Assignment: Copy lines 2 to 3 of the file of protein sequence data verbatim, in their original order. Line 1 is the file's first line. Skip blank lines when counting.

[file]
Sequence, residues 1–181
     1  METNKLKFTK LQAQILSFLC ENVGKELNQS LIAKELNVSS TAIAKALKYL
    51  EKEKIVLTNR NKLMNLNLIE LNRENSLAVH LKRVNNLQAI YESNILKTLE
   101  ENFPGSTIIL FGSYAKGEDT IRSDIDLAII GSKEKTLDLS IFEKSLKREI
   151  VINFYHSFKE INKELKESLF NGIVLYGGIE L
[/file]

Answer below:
     1  METNKLKFTK LQAQILSFLC ENVGKELNQS LIAKELNVSS TAIAKALKYL
    51  EKEKIVLTNR NKLMNLNLIE LNRENSLAVH LKRVNNLQAI YESNILKTLE